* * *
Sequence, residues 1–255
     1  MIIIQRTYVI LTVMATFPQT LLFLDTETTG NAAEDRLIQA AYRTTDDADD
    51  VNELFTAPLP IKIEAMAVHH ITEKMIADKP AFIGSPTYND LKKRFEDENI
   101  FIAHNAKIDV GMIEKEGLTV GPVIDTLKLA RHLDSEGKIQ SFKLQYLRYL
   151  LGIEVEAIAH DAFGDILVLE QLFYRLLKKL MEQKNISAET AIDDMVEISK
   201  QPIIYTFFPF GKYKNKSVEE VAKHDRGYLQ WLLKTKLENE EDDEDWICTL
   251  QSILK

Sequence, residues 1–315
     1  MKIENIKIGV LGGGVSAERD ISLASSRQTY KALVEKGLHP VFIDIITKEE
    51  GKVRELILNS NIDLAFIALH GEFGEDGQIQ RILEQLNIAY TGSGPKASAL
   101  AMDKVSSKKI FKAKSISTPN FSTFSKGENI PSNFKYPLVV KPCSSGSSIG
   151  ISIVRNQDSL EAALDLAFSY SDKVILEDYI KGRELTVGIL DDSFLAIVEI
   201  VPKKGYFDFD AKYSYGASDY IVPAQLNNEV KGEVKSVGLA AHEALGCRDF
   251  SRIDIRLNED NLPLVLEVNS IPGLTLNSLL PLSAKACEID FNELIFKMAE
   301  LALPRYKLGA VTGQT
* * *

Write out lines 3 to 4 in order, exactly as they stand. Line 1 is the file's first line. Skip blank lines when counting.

    51  VNELFTAPLP IKIEAMAVHH ITEKMIADKP AFIGSPTYND LKKRFEDENI
   101  FIAHNAKIDV GMIEKEGLTV GPVIDTLKLA RHLDSEGKIQ SFKLQYLRYL